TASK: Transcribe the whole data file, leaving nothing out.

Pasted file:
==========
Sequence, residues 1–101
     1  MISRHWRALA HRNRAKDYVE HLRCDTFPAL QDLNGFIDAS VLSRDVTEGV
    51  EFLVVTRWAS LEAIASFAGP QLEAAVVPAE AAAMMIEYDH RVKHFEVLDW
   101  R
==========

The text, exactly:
Sequence, residues 1–101
     1  MISRHWRALA HRNRAKDYVE HLRCDTFPAL QDLNGFIDAS VLSRDVTEGV
    51  EFLVVTRWAS LEAIASFAGP QLEAAVVPAE AAAMMIEYDH RVKHFEVLDW
   101  R